Debuting in 1967 was the L88 427 engine, which became the granddaddy of powerful Corvette engines.
Still sporting the Stingray nomenclature Chevy introduced in 1963, the 1967 Corvette may well be the most popular of the second -generation Corvette models that were produced from 1963 to 1967.
This popularity stems from its beautiful sportscar convertible-hardtop curves and engine availability, the latter encompassing both a 327 small block and several 427 big block V8 engines. Coming close in rarity is the 1963 Stingray, the only year Corvette offered a split rear window.
What wasn’t available in 1963, however, was the Chevy big-block V8. Ranging from a 375-horse 396 in 1965 to the numerous 427 engines in 1966 through 1967, it is the big block engine that earned Corvette its true dominance badge, which thrill seekers quickly found when they floor-matted the throttle.
Debuting in 1967 was the L88 427 engine, which became the granddaddy of powerful Corvette engines. However, back then most of the Corvette high power consumers went for the 435-horse “Tri-Power” V8, which came with three two-barrel carbs and developed 435 horsepower. The 435 option cost just $437, which was less than the L88’s $947 price.
The L88 was strictly a race-bred engine and “hidden” on most Chevrolet dealer order sheets. Listed at “just” 430 horses and sporting a single Holley 4-barrel carburetor, this power fact dissuaded many buyers from ordering an L88, as the 435 horse engine seemed the way to go.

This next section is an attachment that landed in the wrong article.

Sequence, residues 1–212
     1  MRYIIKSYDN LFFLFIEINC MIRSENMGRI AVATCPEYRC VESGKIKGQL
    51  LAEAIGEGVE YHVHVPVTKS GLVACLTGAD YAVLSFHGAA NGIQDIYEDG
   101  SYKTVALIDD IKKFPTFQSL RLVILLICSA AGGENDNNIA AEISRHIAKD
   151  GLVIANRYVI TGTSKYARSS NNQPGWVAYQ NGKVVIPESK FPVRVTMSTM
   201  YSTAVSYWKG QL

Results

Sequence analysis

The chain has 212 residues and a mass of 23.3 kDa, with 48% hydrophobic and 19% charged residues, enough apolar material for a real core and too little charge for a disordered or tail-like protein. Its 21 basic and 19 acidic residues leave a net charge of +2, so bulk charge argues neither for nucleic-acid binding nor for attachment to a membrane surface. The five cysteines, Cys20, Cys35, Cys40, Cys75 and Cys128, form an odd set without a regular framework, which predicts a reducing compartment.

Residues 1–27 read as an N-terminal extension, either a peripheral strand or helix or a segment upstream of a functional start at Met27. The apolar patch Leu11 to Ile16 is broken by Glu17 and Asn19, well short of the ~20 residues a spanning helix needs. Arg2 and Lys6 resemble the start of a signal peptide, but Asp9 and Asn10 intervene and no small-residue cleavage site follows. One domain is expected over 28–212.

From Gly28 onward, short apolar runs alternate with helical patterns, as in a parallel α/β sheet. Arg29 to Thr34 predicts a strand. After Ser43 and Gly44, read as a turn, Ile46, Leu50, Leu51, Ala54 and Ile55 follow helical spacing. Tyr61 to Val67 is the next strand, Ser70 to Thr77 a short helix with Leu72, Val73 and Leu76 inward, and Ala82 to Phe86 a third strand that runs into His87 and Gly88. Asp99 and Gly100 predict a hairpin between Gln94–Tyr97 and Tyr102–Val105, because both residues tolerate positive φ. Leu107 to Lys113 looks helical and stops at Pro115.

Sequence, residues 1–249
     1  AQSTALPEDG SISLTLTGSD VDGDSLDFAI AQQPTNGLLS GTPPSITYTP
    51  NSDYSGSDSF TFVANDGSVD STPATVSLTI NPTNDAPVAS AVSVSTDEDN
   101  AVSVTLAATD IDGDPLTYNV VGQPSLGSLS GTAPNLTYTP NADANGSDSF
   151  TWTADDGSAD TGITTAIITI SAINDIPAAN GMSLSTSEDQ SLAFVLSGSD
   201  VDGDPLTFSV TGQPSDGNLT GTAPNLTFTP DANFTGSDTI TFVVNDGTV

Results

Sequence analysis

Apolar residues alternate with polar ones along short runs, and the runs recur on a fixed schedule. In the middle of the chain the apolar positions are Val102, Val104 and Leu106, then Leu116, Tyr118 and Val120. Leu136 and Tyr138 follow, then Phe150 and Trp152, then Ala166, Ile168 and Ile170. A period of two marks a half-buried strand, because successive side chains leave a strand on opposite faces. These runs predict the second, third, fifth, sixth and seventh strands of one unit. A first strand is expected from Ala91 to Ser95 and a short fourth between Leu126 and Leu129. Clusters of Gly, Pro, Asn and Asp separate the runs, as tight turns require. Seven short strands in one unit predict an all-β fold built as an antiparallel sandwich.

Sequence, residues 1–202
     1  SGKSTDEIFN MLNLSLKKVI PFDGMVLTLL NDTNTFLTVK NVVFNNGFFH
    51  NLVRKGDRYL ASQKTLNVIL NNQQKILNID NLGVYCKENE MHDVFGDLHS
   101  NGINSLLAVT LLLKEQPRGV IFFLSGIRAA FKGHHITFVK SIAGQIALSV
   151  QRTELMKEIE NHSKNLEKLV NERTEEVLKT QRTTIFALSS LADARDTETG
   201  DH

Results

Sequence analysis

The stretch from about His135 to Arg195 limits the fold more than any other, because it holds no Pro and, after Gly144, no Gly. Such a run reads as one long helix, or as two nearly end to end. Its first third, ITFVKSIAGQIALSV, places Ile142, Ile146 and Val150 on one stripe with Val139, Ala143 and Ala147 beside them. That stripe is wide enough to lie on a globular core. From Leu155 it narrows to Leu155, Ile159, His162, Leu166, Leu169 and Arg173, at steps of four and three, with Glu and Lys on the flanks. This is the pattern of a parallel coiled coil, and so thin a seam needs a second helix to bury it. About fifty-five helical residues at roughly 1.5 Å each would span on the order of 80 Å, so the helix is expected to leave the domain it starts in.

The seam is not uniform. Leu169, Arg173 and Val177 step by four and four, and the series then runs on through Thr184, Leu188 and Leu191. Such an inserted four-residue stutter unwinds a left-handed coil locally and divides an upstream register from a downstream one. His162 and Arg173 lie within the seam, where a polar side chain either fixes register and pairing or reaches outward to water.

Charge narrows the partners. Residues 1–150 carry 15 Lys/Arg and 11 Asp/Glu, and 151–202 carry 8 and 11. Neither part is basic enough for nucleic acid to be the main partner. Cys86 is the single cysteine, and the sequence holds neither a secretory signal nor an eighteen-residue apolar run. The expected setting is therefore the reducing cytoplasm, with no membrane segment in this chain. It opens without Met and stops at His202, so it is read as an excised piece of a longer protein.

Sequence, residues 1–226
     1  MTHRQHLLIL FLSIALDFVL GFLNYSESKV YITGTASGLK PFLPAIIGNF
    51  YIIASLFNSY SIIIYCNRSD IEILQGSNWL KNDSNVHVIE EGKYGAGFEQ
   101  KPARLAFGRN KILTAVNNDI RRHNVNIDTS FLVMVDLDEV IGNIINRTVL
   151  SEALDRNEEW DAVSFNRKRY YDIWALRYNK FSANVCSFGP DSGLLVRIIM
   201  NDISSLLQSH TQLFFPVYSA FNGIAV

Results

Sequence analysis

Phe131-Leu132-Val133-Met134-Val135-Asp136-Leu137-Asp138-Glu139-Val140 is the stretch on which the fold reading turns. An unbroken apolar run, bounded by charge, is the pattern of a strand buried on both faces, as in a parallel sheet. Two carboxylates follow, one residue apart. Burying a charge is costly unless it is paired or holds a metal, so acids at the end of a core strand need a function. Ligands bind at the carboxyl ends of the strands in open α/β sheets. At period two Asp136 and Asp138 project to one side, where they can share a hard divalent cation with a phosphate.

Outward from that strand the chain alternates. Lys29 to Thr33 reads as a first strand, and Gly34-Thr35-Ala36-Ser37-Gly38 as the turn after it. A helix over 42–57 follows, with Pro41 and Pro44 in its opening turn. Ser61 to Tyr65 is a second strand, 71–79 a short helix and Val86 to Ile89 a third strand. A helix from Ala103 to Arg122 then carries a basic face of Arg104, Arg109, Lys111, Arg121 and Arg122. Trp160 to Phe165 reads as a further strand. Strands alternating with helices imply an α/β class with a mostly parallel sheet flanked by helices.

In reality, the L88 produced 560 horsepower and came with a special high lift solid lifter cam, bigger valve aluminum heads and a stronger crankshaft and rods (bottom end) to handle the power. The drawback was the L88’s propensity to eat spark plugs during city driving, its high 12.5-1 compression pistons (103 grade fuel necessary) and temperamental tuning demands that involved regular lashing of the valves to keep the engine producing at maximum.
Clearly, Chevy didn’t want this car on the street, and made it even more difficult as a radio and heater delete for the L88 was mandatory. Yet, if you had an L88, you could run the quarter-mile in 11.8 seconds at 114 mph with a set of headers and a minimum 4:56 rear gear.
As for collector value, only 20 lucky buyers ordered an L88 Corvette in 1967. Accordingly, Mecum Auctions just reported that the very first L88 convertible built in 1967 sold for $1.25 million at its Monterey Auction in August.
That’s not a surprise at all, even in this tough economy.
Greg Zyla writes for GateHouse News Service each week and welcomes reader questions on auto nostalgia and collector cars at 303 Roosevelt St., Sayre, PA 18840, or e-mail him at email@example.com.
1967 Chevrolet Corvette L88
Top speed: 194 mph
Price today: First L88 built recently sold for $1.25 million